On “Writing to be Read”: Romance is in the air in April

romance

Romance is one of the most popular genres around, not because everyone is reading them, but because romance readers read a lot. Romance comes in a wide variety of sub-genres: contemporary romance, historical romance, paranormal romance, fantasy romance, western romance, Christian romance, adventure romance, dark romance, and of course, erotic romance, just to name a few. Each type of romance can be very different, because they are after all different types of stories, and there are romantic elements in many types of storiest a romantic subplot has strong emphasis, such as romantic thrillers, romantic mysteries, romantic fantasies, or romantic time travel novels.

So, why is romance so popular? I think it is due in part to the fact that romance is such a vital part of life. Most people have experienced romantic relationships, and if they haven’t, they are searching for such a relationship, because we all need to give love and feel loved. But, romance readers aren’t just love starved singles whose dreams lay just beyond their reach, they also include plenty of happily married people, (mostly women, both married or single), who just like to relive those positive feeling they get from a good love story. Romance is something we all can relate to in one way or another. Romance novels offer a way for us to satisfy our inner longings viscareally or relate and relive our own experiences.

Every romance story or subplot has three things in common: two flawed main characters and a happily ever after, or at least a happily for now. In between, the characters must overcome many obstacles and conflicts. Sometimes these are external, such as others trying to keep them apart, but often they are internal, trying to convince themselves that they should be together, because they won’t admit that this is what they want, even to themselves. In the past the two characters were a boy and a girl, or a man and a woman, but in these changing times it is acceptable, perhaps even desirable, to write or read LBGT romances, where the characters may be of the same sex, or even questionable gender. Today romances may also be rated by the how much and how graphic the sex scenes are, from sweet to steamy to downright hot, and everything in between.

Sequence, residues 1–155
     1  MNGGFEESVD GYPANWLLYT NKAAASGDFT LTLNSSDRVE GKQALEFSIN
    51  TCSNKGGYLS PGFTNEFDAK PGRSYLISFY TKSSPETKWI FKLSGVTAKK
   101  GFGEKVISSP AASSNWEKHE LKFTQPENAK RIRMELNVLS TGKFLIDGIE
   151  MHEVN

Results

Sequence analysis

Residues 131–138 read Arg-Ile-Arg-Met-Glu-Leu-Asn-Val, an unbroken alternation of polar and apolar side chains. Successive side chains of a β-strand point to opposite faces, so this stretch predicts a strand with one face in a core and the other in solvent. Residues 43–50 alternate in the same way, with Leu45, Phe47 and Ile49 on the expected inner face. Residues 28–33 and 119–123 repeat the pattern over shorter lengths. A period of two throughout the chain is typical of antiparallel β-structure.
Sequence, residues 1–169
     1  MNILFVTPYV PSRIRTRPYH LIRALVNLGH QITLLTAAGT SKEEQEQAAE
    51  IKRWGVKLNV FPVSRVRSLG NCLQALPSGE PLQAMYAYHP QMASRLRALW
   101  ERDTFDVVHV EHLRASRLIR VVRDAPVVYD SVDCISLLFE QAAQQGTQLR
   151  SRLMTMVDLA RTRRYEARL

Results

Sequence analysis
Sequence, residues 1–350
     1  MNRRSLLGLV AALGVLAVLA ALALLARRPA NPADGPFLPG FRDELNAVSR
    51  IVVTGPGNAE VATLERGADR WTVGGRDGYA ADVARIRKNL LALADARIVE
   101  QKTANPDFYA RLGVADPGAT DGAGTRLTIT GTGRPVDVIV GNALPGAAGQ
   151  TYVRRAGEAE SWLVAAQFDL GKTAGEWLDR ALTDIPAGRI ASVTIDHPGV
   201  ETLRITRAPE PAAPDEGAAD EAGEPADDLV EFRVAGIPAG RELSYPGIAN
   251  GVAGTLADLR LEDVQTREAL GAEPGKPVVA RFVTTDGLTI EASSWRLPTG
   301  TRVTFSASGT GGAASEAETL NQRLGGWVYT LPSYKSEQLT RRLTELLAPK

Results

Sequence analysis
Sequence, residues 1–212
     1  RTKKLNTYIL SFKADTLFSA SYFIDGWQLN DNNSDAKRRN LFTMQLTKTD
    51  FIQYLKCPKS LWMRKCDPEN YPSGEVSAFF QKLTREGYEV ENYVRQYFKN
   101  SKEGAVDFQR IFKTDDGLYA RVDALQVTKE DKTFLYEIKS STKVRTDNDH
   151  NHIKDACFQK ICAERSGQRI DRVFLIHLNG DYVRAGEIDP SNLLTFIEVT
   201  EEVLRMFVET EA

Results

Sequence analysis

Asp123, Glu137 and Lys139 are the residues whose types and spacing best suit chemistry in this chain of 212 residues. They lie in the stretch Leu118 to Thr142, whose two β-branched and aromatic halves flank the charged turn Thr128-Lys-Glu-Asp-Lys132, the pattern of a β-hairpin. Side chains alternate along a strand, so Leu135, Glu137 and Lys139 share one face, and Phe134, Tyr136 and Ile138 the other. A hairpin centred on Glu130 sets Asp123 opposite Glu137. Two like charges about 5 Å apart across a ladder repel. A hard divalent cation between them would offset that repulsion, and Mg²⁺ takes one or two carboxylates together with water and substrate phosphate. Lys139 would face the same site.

Romance is the genre theme for April, with interviews with “Chatting with the Pros” guest author historical romance author, Maya Rodale, and paranormal romance author Chris Barili (A.K.A. B.T. Clearwater). This month also featured reviews of an historical erotic romance, Ripper, by Amy Cecil, and a science fiction time travel romance, The Christmas Cruise, by Tammy Tate. As a special bonus, Jordan Elizabeth talked about writing her paranormal western romance, Treasure Darkly on her segment of “Writing for a Y.A. Audience“. Two reviews is hardly enough to be examples of all of the wide variety of forms and sub-genres which romance takes, so below you will find links to other past reviews of the romance genre, both good and not so good,  to allow you to explore a wider variety of romance. As you can see from the varied selection, even though each contains the basic romance elements, all romances are not alike.

For my reviews of contemporary romance novels: Destiny’s Detour, by Mari Brown; Freedom’s Mercy, by A.K. Lawrence; Leave a Mark, by Stephanie Fournet; Ice on Fire, by Amy Cecil;

For my reviews of inspirational romance: Once – Ask Me Anything, Not Love, by Mian Mohsin Zia; Wrinkles, by Mian Mohsin Zia

For my reviews of an historical romance novel: Blind Fortune, by Joanna Waugh

For my reviews of a science fiction romance novel: Ethereal Lives, by Gem Stone

For my review of a LBGT science fiction romance novel: The Hands We’re GivenThe Hands We’re Given, by O.E. Tearmann

For my reviews of YA romances: Rotham Race, by Jordan Elizabeth (dystopian, apocalyptic); Runners & Riders, by Jordan Elizabeth (steampunk); Bottled, by Carol Riggs (romance fantasy); Treasure Darkly, by Jordan Elizabeth (dark western steampunk fantasy romance)